Tim Greaney

Thomas (Tim) Greaney, JD, is a Visiting Professor of Law at UC Hastings College of Law in San Francisco and Distinguished Senior Fellow with the UC Hastings/UCSF Consortium on Law, Science & Health Policy. He is also Chester A. Myers Emeritus Professor of Law at Saint Louis University School of Law where he served as Director of the Center for Health Law Studies. His research focuses on the application of antitrust law to the health care sector, health care financing, and health care law and policy. He has written over 60 scholarly articles and chapters and is co-author of the nation’s leading health law casebook, HEALTH LAW: CASES, MATERIALS AND PROBLEMS (West, 8th edition 2018) and a treatise on health law, HEALTH LAW (WEST 3RD ED. 2014). He has testified on health care competition issues before the Judiciary Committees of the United States Senate and House of Representatives, the California Department of Insurance, and has spoken at workshops of the Federal Trade Commission. He has commented on health policy and law issues in the New York Times, Wall Street Journal and many other publications. Before entering academia, he served as an Assistant Chief in the U.S. Department of Justice Antitrust Division, supervising health care antitrust litigation. Professor Greaney has been named Health Law Professor of the Year by the American Society of Law and Medicine and has been a Fulbright Fellow studying European Community competition law in Brussels, Belgium. He received his B.A. from Wesleyan University and his J.D. from Harvard Law School.

Invigorating Competition in Health Care Markets: Is Rate Regulation Needed?

It now appears that market concentration may be the leading cause of America’s health care cost crisis. If the United States is...

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Creation over Time in Copyright and Patent

On May 18, the United States Supreme Court decided two intellectual property cases with two seemingly different results. A closer look, however, reveals a complimentary concern with the monopolistic power of first movers and how the legal system should enable innovation from second movers over time, writes Randy Picker.

ESG Standards’ Good, Bad and Ugly

The Stigler Center for the Study of the Economy and the State hosted a virtual event discussing the standards, metrics and disclosures of investments focused on Environmental, Social and Governance (ESG) goals. The following is a transcript of the event.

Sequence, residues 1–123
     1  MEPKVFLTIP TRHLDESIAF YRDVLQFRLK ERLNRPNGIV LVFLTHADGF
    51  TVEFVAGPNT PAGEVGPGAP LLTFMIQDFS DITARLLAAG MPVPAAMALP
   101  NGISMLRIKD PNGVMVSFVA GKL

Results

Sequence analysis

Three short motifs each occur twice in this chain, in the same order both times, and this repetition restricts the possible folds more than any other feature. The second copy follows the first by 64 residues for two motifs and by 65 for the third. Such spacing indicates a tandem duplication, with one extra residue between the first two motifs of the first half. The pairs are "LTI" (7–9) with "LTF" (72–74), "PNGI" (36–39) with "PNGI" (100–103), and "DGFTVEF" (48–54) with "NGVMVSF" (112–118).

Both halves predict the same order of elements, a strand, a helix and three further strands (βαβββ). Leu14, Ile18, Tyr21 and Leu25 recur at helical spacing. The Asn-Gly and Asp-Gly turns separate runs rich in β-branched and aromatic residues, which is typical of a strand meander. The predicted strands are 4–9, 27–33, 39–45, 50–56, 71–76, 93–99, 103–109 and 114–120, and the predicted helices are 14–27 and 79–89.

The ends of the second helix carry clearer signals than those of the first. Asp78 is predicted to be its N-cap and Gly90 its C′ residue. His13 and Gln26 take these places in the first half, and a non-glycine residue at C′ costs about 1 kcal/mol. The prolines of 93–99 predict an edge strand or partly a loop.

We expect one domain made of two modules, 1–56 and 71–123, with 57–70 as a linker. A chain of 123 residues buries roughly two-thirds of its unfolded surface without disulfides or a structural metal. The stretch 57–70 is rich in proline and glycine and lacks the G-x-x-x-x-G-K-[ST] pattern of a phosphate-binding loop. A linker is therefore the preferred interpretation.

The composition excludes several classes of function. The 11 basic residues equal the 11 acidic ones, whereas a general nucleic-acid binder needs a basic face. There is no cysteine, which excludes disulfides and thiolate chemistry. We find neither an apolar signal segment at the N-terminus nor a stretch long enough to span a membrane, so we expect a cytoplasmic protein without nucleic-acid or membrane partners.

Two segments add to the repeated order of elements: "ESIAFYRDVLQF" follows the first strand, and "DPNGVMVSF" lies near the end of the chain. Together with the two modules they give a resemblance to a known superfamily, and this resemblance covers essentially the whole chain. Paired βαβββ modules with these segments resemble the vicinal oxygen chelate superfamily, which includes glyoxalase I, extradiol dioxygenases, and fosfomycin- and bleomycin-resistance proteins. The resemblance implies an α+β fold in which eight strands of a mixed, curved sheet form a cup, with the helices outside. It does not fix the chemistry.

Lee Hepner and William J. McGee respond to Clifford Winston’s ProMarket piece asserting that further deregulation of the airline industry would resolve problems in the industry. Instead, the authors claim a return to regulation would produce better results for travelers.

A World With Far Fewer Mergers

Brooke Fox and Walter Frick analyze research and ideas presented at the Stigler Center Antitrust and Competition Conference that question the value of mergers.

The Banking Risks of Central Bank Digital Currencies

The implementation of central bank digital currencies as the primary medium of exchange would exacerbate the flaws of our current fiat system which encourage banks to overextend credit and create liabilities that they cannot redeem. This will worsen the already recurring cycles of financial crises, writes Vibhu Vikramaditya.

The Whig History of the Merger Guidelines

A pervasive "Whig" view of United States antitrust history among scholars and practitioners celebrates the Merger Guidelines' implementation of increasingly sophisticated economic methods since their...

Algorithmic Collusion in the Housing Market

While the development of artificial intelligence has led to efficient business strategies, such as dynamic pricing, this new technology is vulnerable to collusion and consumer harm when companies share the same software through a central platform. Gabriele Bortolotti highlights the importance of antitrust enforcement in this domain for the second article in our series, using as a case study the RealPage class action lawsuit in the Seattle housing market.